The anomaly’s next flare sends Hallie to 1942 and a suitably claustrophobic encounter with would-be cellist Rachel Clouarte. Hallie dodges German soldiers and the curfew to reunite Cluarte with her cello and aid her escape in order to ensure her career in music will prevail, so that she will not marry and produce (eventually) the descendant who will contribute to a catastrophic war in the future. This 1942 Paris is lightly affected by the occupation, street life continuing gaily as normal, though of course the deportations from which Clouarte is to be saved proceed apace. I did wonder why Hallie’s intervention in the Clouarte family tree had to be quite so early but of course it does give Swift the opportunity to depict Paris in wartime and up the danger quotient.

Another flare takes Hallie to 2042 and a terribly plausible fascist Paris (complete with Metro station called LePen) and the seeds of the situation which the Way of Janus seeks to avert. Other timefaring trips are mentioned but not gone into in detail.

The 1942 and 2042 excursions lend the novel aspects of a thriller yet there are other scenes which bring to mind Angela Carter’s Nights at the Circus and the work of Tim Powers. Throughout, Swift’s portrayal of her characters is assured. These are people we can believe in even if one of them is prey to the logical fallacy that because the Earth is remarkably suited to humans it is a sign of something miraculous rather than the unfolding of impersonal forces which merely allowed us to arise.

Paris Adrift deals with the heavy theme of totalitarianism and the threat of the far right but never loses sight of the smaller people who live through interesting times. While Léon and Hallie are pivotal to the resolution of the plot (and History itself) its emotional focus, though sometimes sidelined, is on their relationship.

Like a lot of SF this suggests life is hard and pain impossible to avoid but unlike most recent SF it proffers hope along with the sacrifice. Never mind it being good SF/Fantasy, this is a good novel.

The following did not appear in the published review.
Pedant’s corner:- “the night team begin to trickle in” (the night team begins to trickle in,) “the group want shots” (wants,) “a stream of people flow inside,” (a stream flows,) “the confines of the locker room lends an air” (the confines lend an air,) “a travelling company were performing” (a company was performing,) “the shape of the walls change, become smooth and rounded” (the shape changes, becomes smooth,) “Her age and appearance has altered once again” (have altered,) “the floor team are doing the rounds” (the team is doing the rounds.) “None of these people have an anomaly. None are bound to this place” (none has, none is.) “Only a small proportion of the catacombs are maintained for visitors.” (Only a small proportion is maintained,) “as the assault team go through their final checks” (as the team goes through its final checks.) Yet despite all these examples of such failures of agreement of subject and verb Swift obviously knows what’s what as we had the correct “a rickety set of steps leads up to”,) “till I am stood right next to him” (it wasn’t a passive activity, so standing”,) “sat on the gravestones” (sitting,) gotten (in a narrative otherwise so British in tone this USianism jars,) “since she bid me farewell” (bade me farewell,) “preempting the touch that will follow” (the context implied savouring rather than pre-empting,) Dušanka calls Hallie “‘my petit chou.’” She responds, “‘And I’m not a pastry.’” (That response would be to “my petit choux” – chou is a cabbage and “petit chou” a term of endearment. Hallie’s French isn’t supposed to be good but surely she would not confuse the two?) “is sat” (is sitting,) “another woman is stood at the window” (is standing,) dove (USian; the British past tense of dive is dived,) “sat sipping” (sitting sipping,) “glasses pile up on either side” (context implies both sides,) inside of (USian, it’s just inside, no “of”,) descendent (descendant,) focusses (focuses,) syllabi (I prefer syllabuses, though I concede syllabi is a correct Latin plural,) “you’ll be never be happy” (that first “be” is redundant, “‘How can I do that.’” (That is a question so requires a question mark, not a full stop.)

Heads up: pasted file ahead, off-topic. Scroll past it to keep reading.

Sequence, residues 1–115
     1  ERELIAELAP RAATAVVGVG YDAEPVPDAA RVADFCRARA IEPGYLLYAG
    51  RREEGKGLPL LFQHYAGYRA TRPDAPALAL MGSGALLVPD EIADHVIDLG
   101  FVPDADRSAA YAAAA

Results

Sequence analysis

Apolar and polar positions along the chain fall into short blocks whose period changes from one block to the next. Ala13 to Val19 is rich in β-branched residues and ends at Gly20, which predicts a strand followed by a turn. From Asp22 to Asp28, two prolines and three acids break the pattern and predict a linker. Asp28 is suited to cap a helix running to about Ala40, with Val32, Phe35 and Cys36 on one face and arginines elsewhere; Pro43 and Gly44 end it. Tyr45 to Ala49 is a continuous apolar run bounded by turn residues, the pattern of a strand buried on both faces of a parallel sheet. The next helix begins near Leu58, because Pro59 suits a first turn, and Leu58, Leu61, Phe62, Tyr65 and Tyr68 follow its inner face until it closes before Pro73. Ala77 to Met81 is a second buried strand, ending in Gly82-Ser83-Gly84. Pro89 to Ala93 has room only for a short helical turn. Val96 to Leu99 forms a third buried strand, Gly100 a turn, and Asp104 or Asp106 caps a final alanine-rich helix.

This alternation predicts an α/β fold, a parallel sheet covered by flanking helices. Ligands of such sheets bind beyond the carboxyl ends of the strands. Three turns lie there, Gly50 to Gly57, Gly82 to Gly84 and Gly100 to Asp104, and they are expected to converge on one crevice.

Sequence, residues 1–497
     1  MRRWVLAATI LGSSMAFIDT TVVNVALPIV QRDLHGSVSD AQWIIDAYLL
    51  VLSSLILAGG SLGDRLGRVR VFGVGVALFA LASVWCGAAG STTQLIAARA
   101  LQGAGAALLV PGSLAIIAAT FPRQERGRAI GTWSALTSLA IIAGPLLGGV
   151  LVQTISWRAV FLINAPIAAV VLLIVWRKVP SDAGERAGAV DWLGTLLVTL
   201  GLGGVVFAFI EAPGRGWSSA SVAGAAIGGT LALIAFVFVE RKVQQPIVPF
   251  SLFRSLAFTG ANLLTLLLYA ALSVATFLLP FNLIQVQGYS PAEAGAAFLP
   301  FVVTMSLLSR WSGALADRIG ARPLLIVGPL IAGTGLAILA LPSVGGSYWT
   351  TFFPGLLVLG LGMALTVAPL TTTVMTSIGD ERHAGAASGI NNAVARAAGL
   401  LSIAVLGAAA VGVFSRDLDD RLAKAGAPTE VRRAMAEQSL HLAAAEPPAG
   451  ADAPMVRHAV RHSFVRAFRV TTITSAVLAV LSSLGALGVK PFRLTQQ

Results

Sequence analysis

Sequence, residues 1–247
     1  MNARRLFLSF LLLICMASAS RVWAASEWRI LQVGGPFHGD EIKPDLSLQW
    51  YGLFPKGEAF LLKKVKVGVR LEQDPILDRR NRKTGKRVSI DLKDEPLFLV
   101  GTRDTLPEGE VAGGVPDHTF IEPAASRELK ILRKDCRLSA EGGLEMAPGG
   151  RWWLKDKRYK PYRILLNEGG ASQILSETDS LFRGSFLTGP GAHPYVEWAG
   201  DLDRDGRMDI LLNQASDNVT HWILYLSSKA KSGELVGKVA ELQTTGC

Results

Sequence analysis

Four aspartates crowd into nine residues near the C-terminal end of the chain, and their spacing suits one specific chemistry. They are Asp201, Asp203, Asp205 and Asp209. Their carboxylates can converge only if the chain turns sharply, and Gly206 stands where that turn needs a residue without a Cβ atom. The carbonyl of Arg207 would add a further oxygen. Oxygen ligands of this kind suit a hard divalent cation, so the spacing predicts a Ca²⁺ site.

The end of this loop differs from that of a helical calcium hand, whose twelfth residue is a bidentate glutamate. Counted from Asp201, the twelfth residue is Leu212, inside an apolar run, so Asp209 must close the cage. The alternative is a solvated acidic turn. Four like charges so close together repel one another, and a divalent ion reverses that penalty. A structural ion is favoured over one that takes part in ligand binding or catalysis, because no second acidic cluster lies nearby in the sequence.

Shrewsbury Abbey Interior

I showed the Abbey’s exterior in my post about the Great War poet Wilfred Owen‘s memorial in its grounds.

The interior is more impressive.

Altar and vaulted ceiling:-

Shrewsbury Abbey

Stained glass window above Abbey entrance:-

Shrewsbury Abbey

Modern stained glass windows:-

Shrewsbury Abbey

Shrewsbury Abbey

The Abbey is right by the River Severn – which came to visit in the 1950s as this photograph in one of the Abbey’s aisles shows:-

Shrewsbury Abbey

Shrewsbury

The game at Oswestry not being till the evening we took ourselves off to Shrewsbury on the Saturday afternoon. (I’ve already mentioned Shrewsbury Abbey in a 4/11/2018 post about Wilfred Owen’s Memorial in the Abbey Grounds.)

Since we didn’t know the town we stopped at the first Park and Ride and availed ourselves of the service. That was just as well because the traffic was very busy and the streets quite narrow.

We also asked someone if the pronunciation was “Shrew”- or “Shrow”- sbury and were told it didn’t matter, either would do.

The town’s history is clearly evident in its buildings, with several in the timber-framed Tudor style:-

Shrewsbury Buildings

Shrewsbury buildings

Shrewsbury buildings

Shrewsbury Tudor building

Shrewsbury Building

Infantry Junior Leaders Memorial, Oswestry

After the Second World War the military camp at Oswestry became a centre for Canadian troops, then the Royal Artillery and finally a training centre for Infantry Junior Leaders.

Also in the Oswestry War Memorial garden area is a Memorial to these Junior Leaders. Deus Vult translates as God wills.

Infantry Junior Leaders Memorial, Oswestry

Dedication plaque:-

Dedication Infantry Junior Leaders Memorial , Oswestry

Plaque to Junior Leaders who died on active service:-

Memorial to Fallen Infantry Junior Leaders, Oswestry

Junior Leaders Association appreciation for Oswestry:-

Infantry Junior Leaders Thanks to Oswestry